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Basketball programme brings community together

Thursday 25 November 2021 | Written by Alana Musselle | Published in Basketball, Sports


Basketball programme brings community together
The under 16 basketball players at the Papaaroa Hall for their Sunday training. 21112404

The people behind Rarotonga Community Development Basketball are ramping up efforts to achieve their goal of bringing more of the community together through the game. By Alana Musselle.

The programme which first started in 2017 allowed for people of any age, but targeted at youth, to participate in weekly basketball training in a bid to promote the sport in the country.

With a consistent stream of mainly 16-17-year-olds attending the weekly training every Sunday from 5:30 -7pm, the organisation is now focusing their training for the 2022 Beach Games hosted by Cook Islands Sports and National Olympic Committee in January next year.

To prepare for this they have changed their game structure to three a-side to suit the format that will be played at the Beach Games.

According to John Engu, president of Rarotonga Community Development Basketball, their mission is to bring young people and members of the community together and to create connections with those who play while at the same time allowing them to be more active.

Many young people, as well as parents, are usually attracted to more mainstream sports such as rugby and netball, says Engu, adding with basketball being a less developed sport on the island, they are still determined to follow through with their strategic plan which is “to help and connect with young people through basketball”.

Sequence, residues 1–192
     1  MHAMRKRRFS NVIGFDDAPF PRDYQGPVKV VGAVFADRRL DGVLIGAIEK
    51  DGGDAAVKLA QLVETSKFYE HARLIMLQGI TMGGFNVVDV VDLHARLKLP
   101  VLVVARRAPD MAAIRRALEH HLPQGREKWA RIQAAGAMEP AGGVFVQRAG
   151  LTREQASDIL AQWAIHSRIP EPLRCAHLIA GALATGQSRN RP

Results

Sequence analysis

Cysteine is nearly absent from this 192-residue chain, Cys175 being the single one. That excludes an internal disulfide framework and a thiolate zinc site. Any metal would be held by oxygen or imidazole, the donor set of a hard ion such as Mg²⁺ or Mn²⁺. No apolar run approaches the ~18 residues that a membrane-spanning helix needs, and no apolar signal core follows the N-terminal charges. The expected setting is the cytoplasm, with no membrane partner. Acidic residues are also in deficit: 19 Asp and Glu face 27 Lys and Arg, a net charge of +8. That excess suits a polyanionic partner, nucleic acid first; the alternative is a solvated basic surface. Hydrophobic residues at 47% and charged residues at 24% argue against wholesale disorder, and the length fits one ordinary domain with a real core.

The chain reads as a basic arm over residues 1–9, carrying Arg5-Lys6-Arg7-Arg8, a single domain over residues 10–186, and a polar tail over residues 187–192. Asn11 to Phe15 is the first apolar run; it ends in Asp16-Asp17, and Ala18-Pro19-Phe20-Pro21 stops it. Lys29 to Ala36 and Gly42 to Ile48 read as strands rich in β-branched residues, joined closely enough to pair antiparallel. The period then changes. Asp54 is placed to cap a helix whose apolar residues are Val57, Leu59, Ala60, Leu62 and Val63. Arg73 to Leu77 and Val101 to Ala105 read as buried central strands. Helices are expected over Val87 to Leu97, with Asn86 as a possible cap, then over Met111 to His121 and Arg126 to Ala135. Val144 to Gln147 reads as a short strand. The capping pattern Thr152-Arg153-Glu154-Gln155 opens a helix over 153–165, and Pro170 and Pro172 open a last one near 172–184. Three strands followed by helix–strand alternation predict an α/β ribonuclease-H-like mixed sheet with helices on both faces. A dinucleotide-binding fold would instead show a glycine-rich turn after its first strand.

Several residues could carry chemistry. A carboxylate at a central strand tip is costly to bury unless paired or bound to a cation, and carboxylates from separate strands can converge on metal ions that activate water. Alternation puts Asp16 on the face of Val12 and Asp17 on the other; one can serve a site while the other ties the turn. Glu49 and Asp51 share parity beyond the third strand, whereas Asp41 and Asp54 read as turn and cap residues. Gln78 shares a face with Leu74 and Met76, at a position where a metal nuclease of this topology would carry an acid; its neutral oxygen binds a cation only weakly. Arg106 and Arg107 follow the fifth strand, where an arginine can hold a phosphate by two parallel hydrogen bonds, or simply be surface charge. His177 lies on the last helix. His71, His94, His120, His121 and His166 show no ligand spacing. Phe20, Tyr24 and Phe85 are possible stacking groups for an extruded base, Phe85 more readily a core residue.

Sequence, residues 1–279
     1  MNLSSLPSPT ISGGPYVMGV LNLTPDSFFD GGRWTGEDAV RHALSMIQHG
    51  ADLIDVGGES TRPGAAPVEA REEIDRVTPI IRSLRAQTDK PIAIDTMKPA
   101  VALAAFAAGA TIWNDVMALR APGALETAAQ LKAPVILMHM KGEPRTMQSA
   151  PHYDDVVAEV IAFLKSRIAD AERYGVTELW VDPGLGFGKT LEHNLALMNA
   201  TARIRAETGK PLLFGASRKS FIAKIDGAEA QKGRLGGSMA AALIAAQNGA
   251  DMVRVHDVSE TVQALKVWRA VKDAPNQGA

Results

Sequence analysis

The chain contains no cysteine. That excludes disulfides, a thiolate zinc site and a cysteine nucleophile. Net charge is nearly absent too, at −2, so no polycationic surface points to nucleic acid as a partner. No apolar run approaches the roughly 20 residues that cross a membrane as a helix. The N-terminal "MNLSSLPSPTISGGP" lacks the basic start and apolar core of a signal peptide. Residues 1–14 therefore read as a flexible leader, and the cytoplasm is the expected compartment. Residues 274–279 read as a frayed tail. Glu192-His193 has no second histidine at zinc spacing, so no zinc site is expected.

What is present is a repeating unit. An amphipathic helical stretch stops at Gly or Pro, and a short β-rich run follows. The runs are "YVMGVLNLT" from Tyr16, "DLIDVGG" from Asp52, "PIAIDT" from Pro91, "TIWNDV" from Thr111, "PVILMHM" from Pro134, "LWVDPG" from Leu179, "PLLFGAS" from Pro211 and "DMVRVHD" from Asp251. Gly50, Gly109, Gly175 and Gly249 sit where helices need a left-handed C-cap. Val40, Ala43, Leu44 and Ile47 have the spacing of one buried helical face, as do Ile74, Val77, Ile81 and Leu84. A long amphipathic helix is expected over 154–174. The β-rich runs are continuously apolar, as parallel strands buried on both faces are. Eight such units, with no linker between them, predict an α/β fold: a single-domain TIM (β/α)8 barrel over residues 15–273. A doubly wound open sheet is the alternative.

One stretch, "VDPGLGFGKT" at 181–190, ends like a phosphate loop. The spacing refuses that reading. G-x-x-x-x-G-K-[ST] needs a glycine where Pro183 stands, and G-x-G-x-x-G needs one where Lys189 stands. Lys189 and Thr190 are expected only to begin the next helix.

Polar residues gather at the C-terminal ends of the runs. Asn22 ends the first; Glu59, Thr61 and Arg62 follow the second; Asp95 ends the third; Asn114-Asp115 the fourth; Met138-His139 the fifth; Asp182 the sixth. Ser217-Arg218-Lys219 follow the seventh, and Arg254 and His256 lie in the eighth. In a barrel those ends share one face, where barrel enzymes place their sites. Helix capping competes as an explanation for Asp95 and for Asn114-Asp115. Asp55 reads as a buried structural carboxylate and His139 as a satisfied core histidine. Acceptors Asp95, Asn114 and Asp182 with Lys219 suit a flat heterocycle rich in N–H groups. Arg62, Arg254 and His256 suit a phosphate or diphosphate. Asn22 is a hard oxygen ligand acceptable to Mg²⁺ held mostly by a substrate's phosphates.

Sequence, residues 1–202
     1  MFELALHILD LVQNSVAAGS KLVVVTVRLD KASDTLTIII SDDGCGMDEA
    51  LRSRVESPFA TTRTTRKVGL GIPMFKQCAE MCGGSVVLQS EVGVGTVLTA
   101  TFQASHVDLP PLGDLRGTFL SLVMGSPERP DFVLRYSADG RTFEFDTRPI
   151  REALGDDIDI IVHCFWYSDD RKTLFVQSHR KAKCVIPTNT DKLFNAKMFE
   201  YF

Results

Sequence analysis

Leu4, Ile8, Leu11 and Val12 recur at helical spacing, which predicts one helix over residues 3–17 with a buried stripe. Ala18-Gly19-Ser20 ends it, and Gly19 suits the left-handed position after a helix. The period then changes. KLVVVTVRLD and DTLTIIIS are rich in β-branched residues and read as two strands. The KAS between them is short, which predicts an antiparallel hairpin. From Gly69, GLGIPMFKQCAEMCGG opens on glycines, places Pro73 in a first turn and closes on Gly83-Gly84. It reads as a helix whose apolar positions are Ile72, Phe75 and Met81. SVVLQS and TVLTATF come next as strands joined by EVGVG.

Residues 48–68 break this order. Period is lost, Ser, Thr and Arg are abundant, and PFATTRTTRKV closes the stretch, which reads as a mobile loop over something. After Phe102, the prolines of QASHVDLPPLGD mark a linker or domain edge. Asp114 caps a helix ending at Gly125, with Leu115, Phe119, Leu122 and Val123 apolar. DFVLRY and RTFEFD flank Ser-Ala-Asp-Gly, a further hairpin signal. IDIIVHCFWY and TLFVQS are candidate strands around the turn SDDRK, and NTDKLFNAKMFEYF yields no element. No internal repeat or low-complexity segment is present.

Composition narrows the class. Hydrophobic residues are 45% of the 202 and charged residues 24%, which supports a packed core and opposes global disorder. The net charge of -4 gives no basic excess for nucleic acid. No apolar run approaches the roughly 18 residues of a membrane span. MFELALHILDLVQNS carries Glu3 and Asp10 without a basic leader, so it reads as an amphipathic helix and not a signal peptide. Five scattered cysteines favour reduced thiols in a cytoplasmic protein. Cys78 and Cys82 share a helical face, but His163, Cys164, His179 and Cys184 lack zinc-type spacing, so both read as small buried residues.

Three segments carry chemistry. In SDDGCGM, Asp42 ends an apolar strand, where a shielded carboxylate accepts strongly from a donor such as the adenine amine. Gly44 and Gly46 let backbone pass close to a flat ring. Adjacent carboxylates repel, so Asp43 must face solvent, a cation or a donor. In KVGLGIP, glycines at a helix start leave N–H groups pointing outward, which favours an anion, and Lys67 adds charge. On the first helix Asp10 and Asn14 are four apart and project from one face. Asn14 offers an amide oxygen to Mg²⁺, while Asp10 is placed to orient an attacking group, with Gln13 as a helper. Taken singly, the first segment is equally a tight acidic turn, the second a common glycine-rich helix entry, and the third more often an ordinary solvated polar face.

Basketball had a thriving first half of the year with the seven-week Avaiki Development Basketball Tournament which took place earlier this year from August to September.

With the community basketball programme, they are hoping to continue that momentum for the rest of the year while at the same time preparing the players for the upcoming Beach Games.

The number of players in the community programme currently varies from week to week with an average of 15 young people showing up for training each week.

“Just that sentence alone ‘we have basketball training today’ is a start in getting our young people involved and active within the sport,” Engu said.

Currently, there are a few disciplinary issues as well as pride on the court with “selfish players”, but Engu said that despite the disciplinary measures taken to ease out those bumps, “players are continuing to return to practices and put in their all which is a good sign”.

Engu said the main reason that they continue to hold the community programme “is that they hope to bring both young kids and their families forward and to create connections with many families in the community through the love of basketball”.

“We are here and we just do what we can with what we’ve got. We’re doing our best and are very passionate about basketball with our young people.”